Juniper's QFX5100 Switches Knit A Fabric

The new QFX5100 switches are a key element of Juniper's MetaFabric architecture.

Ethan Banks

October 31, 2013

4 Min Read
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Juniper this week announced a new switch line that serves as the hardware platform for its MetaFabric architecture. Juniper claims the switches can play multiple roles: both a top of rack (leaf) switch and an aggregation (spine) switch, as well as campus switch.

There are three models in the QFX5100 family. The models are identical in functionality but vary in port density.

1. The QFX5100-48S has 48 10-GbE ports with six QSFP+ 40-GbE ports in a 1U form factor.

2. In a 2U form factor, the QFX5100-96S has 96 10-GbE ports, but only eight QSFP+ 40GbE ports. This is a trade-off with the 48S in terms of uplink oversubscription. While the 48S uplink oversubscription is 2:1 (480:240), the 96S is 3:1 (960:320).

3. The QFX5100-24Q has 24 fixed 40-GbE QSFP+ ports, with two expansion modules that can add four more QSFP+ ports each, all in 1U. QSFP+ allows a network operator to connect devices at 40 GbE, or to channelize the interface into four discrete 10-GbE interfaces when using a breakout cable.

The Juniper QFX5100 switches are based on the Broadcom Trident II chipset, like the recently announced Arista 7050X and Cisco Nexus 3100. Raw performance numbers are identical for the switches from these three vendors; the differences are in the software.

[New switches are only one component of Juniper's MetaFabric. Get the full picture in "Juniper Launches New Fabric Architecture, Switch Line."]

On the performance side, the QFX5100 switches are non-blocking, so they offer wire-speed forwarding. Juniper claims they get as low as 550ns port-to-port latency. While not the lowest on the market, this is respectable number, beyond adequate for most environments. By way of comparison, the Mellanox SX1036 features the lowest port-to-port latency I am aware of, at a reported 230ns. The SX1036 is aimed at organizations where fractions of a millisecond affect business operations.

The QFX5100 line has a Flexible Forwarding Table (FFT), which means the number of MAC or routing entries varies, depending on how the table resources are allocated by a network operator. It supports up to 288,000 MAC addresses in pure Layer 2 mode. In Layer 3 host mode, it supports up to 128,000 host entries. In Longest Prefix Match (LPM) mode, it supports up to 128,000 prefixes.

Juniper says the QFX5100 will be available during the end of 2013 and early 2014, depending on the model.

Software Highlights

I found several software features of the new switch line worth calling out. First, Topology-Independent In-Service Software Upgrade (TISSU) is a hitless upgrade feature. The "topology-independent" part of TISSU means an individual QFX5100 switch can upgrade to a new software image with no impact to traffic transiting the switch.

TISSU is achieved through software virtualization. Two instances of Junos run inside of virtual machines on top of Linux as an active/standby pair. One instance is upgraded and then failed over while the other instance is upgraded. Most industry ISSU schemes rely on upgrading one piece of redundant hardware at a time, reducing aggregate bandwidth by half and creating a temporary single point of failure during the upgrade process. TISSU is a positive step for data center operations.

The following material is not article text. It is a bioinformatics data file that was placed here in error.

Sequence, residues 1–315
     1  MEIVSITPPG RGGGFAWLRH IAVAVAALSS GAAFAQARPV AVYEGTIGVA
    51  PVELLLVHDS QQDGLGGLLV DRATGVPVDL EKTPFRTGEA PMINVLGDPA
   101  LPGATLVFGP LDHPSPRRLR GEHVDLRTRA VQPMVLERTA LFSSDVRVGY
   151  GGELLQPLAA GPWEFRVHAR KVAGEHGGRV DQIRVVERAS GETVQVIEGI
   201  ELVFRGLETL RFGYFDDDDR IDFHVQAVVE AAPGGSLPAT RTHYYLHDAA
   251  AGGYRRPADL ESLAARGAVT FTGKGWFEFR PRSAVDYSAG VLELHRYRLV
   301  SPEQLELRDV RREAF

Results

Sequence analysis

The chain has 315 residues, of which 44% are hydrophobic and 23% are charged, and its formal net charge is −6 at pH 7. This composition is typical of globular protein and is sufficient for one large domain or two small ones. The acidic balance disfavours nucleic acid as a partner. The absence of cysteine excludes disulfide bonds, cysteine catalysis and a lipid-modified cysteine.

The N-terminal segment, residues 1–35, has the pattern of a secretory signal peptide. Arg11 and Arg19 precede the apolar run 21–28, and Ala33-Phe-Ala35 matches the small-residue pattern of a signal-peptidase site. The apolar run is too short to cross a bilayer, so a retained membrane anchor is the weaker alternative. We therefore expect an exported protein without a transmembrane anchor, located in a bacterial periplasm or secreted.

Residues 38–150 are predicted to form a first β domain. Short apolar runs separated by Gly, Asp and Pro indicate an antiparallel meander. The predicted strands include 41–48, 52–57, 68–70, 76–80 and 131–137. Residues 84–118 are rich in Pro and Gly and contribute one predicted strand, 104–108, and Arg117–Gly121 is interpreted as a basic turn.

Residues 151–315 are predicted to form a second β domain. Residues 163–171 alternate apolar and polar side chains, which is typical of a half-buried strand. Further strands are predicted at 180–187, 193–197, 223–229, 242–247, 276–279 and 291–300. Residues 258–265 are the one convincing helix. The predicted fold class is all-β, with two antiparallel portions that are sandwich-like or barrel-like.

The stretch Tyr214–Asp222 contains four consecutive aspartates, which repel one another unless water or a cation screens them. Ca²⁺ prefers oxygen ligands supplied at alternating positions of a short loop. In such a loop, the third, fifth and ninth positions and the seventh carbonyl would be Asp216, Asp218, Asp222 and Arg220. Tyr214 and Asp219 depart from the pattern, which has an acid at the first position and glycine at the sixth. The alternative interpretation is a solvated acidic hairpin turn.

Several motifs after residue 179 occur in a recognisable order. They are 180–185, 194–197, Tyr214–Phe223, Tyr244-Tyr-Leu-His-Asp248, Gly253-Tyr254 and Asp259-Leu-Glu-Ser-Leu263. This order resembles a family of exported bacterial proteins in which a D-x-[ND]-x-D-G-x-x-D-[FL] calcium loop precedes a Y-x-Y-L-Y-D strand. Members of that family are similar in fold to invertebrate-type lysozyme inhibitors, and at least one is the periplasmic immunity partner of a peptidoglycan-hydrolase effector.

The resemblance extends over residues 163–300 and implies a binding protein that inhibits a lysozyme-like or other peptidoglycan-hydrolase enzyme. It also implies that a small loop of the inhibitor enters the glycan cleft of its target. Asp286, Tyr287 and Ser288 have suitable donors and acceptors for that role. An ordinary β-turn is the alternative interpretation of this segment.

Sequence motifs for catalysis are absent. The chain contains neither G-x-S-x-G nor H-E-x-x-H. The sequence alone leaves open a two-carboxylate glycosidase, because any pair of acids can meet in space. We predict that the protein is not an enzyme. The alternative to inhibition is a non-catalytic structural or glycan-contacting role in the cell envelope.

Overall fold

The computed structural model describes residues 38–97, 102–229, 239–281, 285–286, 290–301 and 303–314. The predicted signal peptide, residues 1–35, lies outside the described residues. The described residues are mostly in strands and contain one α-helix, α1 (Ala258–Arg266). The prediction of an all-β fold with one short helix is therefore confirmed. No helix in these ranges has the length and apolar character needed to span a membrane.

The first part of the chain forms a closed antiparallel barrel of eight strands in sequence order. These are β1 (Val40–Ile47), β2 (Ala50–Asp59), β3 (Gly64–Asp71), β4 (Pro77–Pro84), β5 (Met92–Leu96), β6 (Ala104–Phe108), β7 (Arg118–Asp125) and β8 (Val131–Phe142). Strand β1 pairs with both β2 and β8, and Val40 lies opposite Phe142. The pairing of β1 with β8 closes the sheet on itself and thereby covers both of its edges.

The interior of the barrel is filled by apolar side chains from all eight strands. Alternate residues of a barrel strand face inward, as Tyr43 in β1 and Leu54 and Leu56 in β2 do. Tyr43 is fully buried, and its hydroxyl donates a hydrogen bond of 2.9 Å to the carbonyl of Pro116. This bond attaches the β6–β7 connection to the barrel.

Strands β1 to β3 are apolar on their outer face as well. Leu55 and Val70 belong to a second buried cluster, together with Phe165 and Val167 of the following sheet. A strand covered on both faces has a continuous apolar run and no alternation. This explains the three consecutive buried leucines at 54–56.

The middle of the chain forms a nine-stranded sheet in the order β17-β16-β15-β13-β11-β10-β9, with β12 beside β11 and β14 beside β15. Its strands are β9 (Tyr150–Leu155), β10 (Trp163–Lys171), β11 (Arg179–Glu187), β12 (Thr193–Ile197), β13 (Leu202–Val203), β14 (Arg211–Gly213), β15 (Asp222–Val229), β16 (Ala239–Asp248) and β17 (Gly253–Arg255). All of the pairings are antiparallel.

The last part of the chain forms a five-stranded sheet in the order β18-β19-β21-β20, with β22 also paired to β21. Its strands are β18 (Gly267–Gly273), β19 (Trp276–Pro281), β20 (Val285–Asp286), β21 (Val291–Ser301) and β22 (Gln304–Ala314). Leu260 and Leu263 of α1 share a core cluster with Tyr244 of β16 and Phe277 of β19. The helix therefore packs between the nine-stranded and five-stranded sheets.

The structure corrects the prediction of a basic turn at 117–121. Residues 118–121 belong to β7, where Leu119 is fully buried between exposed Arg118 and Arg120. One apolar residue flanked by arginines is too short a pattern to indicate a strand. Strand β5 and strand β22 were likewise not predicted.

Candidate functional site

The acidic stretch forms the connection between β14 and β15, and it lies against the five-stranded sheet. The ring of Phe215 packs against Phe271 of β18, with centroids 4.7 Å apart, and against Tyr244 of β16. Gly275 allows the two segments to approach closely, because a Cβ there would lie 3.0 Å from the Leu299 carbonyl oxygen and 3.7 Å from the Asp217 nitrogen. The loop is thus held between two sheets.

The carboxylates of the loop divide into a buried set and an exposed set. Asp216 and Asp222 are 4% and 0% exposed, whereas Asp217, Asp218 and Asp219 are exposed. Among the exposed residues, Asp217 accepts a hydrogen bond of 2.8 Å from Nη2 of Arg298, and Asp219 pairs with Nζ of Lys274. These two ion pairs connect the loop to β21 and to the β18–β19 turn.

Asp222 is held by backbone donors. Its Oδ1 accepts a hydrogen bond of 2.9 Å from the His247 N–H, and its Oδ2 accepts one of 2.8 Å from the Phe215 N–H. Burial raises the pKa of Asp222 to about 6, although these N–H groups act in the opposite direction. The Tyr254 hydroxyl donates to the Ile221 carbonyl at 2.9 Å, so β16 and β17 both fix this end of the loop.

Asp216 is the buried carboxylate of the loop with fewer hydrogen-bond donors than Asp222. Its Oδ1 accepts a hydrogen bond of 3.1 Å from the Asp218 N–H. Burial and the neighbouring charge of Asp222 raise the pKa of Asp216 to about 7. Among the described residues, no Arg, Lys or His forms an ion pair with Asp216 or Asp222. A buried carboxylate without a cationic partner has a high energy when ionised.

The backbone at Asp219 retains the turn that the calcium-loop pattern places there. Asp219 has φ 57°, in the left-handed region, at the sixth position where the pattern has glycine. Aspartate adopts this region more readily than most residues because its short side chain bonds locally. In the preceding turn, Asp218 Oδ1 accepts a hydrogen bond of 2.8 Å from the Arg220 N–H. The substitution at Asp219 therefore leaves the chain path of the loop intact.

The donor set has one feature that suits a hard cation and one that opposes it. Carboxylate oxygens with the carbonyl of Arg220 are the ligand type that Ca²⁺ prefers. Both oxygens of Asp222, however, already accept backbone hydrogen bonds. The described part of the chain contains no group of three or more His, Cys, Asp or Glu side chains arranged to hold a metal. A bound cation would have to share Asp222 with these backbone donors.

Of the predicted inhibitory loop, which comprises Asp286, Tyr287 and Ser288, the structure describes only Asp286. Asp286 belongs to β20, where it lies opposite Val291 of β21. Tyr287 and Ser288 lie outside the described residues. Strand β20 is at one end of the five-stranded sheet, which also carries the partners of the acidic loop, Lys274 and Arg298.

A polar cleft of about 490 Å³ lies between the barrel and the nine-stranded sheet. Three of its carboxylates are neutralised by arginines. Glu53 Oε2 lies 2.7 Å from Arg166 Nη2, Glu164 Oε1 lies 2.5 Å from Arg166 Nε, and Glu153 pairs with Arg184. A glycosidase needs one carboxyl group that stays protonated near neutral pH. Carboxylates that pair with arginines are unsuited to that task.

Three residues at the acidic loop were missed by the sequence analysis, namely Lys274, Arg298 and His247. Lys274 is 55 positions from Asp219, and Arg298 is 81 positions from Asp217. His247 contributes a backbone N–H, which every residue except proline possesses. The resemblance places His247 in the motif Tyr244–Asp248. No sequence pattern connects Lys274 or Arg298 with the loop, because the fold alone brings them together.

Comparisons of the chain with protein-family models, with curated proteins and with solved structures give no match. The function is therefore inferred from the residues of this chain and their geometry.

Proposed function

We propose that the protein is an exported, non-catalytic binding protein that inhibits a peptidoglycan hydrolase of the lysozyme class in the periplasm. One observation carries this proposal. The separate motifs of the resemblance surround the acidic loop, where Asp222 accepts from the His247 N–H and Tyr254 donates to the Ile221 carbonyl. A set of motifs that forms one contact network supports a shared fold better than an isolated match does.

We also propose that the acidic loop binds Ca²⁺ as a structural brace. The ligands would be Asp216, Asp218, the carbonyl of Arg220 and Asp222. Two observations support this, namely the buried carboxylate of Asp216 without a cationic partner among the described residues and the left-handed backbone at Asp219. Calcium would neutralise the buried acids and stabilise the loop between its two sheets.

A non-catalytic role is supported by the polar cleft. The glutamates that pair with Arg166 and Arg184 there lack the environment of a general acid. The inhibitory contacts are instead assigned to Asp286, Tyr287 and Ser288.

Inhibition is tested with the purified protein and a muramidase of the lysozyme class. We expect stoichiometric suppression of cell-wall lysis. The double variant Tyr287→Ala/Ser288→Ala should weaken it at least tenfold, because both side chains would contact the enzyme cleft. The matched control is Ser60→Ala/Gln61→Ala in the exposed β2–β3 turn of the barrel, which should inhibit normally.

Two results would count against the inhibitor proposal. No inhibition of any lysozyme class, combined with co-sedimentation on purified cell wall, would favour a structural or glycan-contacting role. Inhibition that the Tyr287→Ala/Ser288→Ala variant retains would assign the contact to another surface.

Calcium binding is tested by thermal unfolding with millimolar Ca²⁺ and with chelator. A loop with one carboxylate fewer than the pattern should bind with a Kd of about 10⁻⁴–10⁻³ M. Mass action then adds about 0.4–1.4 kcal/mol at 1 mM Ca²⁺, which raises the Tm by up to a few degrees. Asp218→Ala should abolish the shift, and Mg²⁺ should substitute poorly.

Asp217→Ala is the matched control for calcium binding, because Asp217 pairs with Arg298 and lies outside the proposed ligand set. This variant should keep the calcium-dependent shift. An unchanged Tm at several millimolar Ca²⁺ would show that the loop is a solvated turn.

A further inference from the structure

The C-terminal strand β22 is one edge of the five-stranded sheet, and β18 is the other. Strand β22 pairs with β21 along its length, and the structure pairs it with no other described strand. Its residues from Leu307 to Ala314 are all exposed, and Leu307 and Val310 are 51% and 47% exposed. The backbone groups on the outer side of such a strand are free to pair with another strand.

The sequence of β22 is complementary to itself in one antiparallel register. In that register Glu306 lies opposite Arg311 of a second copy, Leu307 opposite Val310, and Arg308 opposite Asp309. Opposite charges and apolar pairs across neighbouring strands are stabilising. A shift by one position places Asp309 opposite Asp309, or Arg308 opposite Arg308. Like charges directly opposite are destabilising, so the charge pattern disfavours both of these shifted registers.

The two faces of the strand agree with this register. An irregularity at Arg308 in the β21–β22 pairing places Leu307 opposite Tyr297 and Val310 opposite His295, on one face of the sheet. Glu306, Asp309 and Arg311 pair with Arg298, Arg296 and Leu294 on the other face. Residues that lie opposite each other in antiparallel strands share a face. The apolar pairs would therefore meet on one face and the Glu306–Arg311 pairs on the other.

Second, with the introduction of the MetaFabric architecture, Juniper has added Virtual Chassis Fabric, an amalgam of QFabric and Virtual Chassis ideas. QFabric was and is Juniper's flagship fabric product, targeted at large data centers that need an any-to-any, low-latency network at scale.

QFabric is limited in the sense that it can only be plumbed in a star topology: All access switches must be uplinked to a pair of special-purpose (that is, not Ethernet) interconnect switches sitting in the middle of the network. Switches participating in a Virtual Chassis act as single physical switch, with a single point of management and unified control plane. Virtual Chassis topology is more flexible than QFabric, as all switch ports are Ethernet; there is no unique interconnect uplink port. Virtual Chassis deployments to date have been limited to 10 switches.

With Virtual Chassis Fabric, up to 20 QFX5100s can be deployed in a leaf-spine topology. From two to four QFX5100s can act as spine switches; up to 18 can be leaf switches. Other Juniper switches can participate in Virtual Chassis Fabric, including the EX4300, QFX3500, and QFX3600. These products that have been in the Juniper lineup for a while now, offering customers some investment protection.

Notably, the QFX5100 can also be a pure QFabric node switch or a Virtual Chassis member. Juniper is making sure that the new switches will fit well into the designs their customers have already deployed, while at the same time giving them some interesting design options for the future.

About the Author(s)

Ethan Banks

Senior Network ArchitectEthan Banks, CCIE #20655, is a hands-on networking practitioner who has designed, built and maintained networks for higher education, state government, financial institutions, and technology corporations. Ethan is also a host of the Packet Pushers Podcast. The technical program covers practical network design, as well as cutting edge topics like virtualization, OpenFlow, software defined networking, and overlay protocols. The podcast has more than one million unique downloads, and today reaches a global audience of more than 10,000 listeners. Also a writer, Ethan covers network engineering and the networking industry for a variety of IT publications and is editor for the independent community of bloggers at

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